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‘Midnight Rider’ Death Was ‘Criminal Negligence’ — Haskell Wexler

Iconoclastic cinematographer Haskell Wexler says that last week’s death of a “Midnight Rider” crew member Sarah Jones was due to criminal negligence.

“It’s a tragedy,” he told Variety. “She should not have died. It upsets me.”

Wexler, who won Oscars for “Bound for Glory” and “Who’s Afraid of Virginia Woolf?” said that proper safety rules being in place could have prevented the accident.

“People can learn from this terrible injury,” he added.

Wexler also released an open letter Wednesday to “fellow workers” which said that he’s part of a group asking that Jones’ name be included in the Academy’s “In Memoriam” section this Sunday.

“Sarah and the three injured crew members were not victims of an ‘accident’ but of criminal negligence. Something that would not have happened if proper safety rules were in place,” the letter said.

Wexler also told Variety that he does not believe that Jones’ death was related to excessive hours by crew members — an issue on which the cinematographer has sought reform for nearly two decades.

Wexler also included in the letter a copy of an ad rejected by his union’s International Cinematographers Guild magazine with the title “Take a Stand in the fight against long hours” as part of the “12 on 12 off” campaign — an issue that Wexler has advocated for nearly two decades. He said that the magazine does not want to deal with what he dubbed a “political football.”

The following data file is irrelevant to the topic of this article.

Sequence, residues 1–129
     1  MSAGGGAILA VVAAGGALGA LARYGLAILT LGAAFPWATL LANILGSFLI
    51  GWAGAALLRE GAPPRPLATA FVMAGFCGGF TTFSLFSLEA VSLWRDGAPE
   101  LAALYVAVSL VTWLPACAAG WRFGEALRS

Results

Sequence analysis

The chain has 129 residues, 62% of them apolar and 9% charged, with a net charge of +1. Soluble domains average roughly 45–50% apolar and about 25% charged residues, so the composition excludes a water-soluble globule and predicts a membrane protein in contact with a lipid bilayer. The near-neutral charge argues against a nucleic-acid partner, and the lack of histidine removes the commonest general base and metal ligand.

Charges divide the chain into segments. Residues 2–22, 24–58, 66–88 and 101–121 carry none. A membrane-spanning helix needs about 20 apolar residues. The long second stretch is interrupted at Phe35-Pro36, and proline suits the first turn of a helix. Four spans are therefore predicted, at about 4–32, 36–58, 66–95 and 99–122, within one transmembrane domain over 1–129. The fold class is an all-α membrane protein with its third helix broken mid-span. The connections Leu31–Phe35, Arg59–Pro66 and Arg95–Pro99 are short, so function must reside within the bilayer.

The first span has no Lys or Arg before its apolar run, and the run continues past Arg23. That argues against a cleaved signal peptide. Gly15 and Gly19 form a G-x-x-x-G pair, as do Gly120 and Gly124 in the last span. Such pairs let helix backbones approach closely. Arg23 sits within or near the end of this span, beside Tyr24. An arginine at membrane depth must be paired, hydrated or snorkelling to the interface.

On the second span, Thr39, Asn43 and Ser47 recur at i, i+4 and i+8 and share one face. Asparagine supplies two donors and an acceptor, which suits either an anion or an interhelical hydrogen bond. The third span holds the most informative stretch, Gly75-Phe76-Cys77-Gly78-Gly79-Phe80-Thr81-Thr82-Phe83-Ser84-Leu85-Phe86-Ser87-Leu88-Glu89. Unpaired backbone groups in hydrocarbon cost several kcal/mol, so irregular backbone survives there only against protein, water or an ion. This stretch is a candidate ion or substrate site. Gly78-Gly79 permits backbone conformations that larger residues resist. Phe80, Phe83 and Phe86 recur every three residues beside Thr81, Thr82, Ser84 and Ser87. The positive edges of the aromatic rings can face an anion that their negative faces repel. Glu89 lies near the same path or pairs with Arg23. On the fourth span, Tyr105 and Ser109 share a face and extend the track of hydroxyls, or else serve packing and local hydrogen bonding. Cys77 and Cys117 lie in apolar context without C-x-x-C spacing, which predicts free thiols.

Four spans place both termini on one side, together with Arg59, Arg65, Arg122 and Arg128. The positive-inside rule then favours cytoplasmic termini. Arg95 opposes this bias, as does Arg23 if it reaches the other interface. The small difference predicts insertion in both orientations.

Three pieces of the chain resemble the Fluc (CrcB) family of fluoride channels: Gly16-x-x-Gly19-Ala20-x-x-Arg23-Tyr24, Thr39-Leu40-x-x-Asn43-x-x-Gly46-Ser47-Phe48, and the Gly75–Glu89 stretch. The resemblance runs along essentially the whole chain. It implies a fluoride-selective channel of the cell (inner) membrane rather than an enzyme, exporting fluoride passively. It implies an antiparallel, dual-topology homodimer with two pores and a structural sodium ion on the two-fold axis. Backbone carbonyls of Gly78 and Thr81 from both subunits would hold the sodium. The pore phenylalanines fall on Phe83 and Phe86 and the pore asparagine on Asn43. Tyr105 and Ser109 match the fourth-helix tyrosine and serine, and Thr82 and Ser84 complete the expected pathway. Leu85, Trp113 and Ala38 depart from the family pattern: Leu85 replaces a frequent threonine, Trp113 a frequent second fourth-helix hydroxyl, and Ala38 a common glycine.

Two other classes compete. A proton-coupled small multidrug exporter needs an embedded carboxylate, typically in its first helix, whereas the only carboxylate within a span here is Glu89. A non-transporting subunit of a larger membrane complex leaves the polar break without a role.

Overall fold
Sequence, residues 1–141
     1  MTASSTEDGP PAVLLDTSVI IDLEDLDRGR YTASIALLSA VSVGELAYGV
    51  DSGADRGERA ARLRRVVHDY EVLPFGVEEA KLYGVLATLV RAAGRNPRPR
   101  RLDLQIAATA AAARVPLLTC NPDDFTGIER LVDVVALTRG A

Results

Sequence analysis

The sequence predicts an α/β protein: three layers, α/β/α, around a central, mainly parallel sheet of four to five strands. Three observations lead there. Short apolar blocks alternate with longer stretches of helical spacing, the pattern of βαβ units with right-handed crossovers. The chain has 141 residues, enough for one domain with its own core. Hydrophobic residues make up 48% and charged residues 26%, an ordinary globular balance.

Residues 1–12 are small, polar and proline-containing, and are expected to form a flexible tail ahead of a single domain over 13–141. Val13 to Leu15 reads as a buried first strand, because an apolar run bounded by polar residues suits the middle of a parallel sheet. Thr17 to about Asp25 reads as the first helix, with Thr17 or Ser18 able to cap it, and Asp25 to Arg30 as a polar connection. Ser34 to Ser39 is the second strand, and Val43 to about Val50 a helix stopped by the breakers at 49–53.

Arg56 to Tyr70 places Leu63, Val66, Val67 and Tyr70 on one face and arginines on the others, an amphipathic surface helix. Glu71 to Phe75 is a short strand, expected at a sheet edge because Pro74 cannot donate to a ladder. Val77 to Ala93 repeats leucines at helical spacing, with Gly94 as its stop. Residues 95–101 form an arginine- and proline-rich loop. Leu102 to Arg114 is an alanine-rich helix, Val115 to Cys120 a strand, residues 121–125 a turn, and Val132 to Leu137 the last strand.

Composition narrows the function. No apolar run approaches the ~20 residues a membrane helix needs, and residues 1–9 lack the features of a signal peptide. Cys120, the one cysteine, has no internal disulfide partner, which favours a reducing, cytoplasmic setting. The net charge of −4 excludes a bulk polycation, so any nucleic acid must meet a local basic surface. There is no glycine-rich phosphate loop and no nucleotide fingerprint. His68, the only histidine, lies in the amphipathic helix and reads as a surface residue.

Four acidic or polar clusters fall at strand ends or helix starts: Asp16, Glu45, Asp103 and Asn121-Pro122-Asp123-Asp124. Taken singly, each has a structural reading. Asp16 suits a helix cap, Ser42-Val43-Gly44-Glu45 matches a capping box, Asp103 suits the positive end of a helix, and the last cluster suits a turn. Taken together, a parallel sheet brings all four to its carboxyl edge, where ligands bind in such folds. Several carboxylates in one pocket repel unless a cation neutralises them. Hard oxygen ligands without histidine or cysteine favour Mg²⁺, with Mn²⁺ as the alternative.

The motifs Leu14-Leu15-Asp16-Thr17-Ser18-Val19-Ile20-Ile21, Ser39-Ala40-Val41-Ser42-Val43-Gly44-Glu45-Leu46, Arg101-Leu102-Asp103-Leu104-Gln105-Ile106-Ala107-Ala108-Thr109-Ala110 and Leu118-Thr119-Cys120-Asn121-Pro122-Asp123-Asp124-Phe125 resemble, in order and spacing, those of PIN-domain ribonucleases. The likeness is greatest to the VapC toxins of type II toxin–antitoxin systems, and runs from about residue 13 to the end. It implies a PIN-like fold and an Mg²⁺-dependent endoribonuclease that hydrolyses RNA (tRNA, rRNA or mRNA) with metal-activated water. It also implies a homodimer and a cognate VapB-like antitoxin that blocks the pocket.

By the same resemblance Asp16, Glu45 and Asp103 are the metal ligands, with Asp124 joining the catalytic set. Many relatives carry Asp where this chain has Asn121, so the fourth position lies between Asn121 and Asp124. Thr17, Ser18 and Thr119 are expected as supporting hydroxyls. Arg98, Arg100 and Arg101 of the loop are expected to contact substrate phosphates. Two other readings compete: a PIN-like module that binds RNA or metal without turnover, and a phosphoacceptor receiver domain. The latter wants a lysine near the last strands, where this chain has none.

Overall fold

“Employers will work you longer for less money and under questionable safety conditions because it is their duty to prioritize the bottom line,” he said. “As individuals we cannot complain. That’s why we need a Union to speak for us, certainly when our safety, our health, and our very lives are at stake! Since they’ve abdicated that responsibility, please join us at 12on12off.”

Wexler’s self-financed documentary “Who Needs Sleep?” bowed to strong reviews at Sundance in 2006. The issue became a cause in 1997, when 35-year-old crew member Brent Hershman died in a car crash after working a 19-hour day on “Pleasantville.”

That pic’s crew called for a 14-hour limit to workdays, dubbed “Brent’s Rule,” but found only limited success.

Wexler spent eight years on his doc, interviewing doctors and scientists who study sleep deprivation. “Who Needs Sleep?” also includes interviews with Julia Roberts, Paul Newman, Tom Hanks, John Sayles, Sam Mendes, Billy Crystal, Annette Bening, Vittorio Storaro and the late Richard Zanuck.

Jones was a member of the Intl. Cinematographers Guild, which operates as Local 600 of the Intl. Alliance of Theatrical Stage Employees. Wexler has battled the local’s leadership frequently.

Steven Poster, president of Local 600, issued a statement earlier this week in which he said that when Locals 600 and 491 received the call about the accident, they  immediately sent representatives to the site.

“We are cooperating with ongoing government investigations including OSHA, and NTSB and the Local Sheriff’s office and we are providing grief counseling for the crew,” Poster said. “The safety of our crews is of paramount importance to this union and we will work tirelessly to ensure that a tragedy of this kind never happens again.There is no way we can mitigate the pain and the loss of Sarah. But we hope that something good can come out of this very unfortunate situation. It will surely shape our talks with producers in the future. There will be memorials across the country to honor the memory of beloved member, Sarah Jones.”

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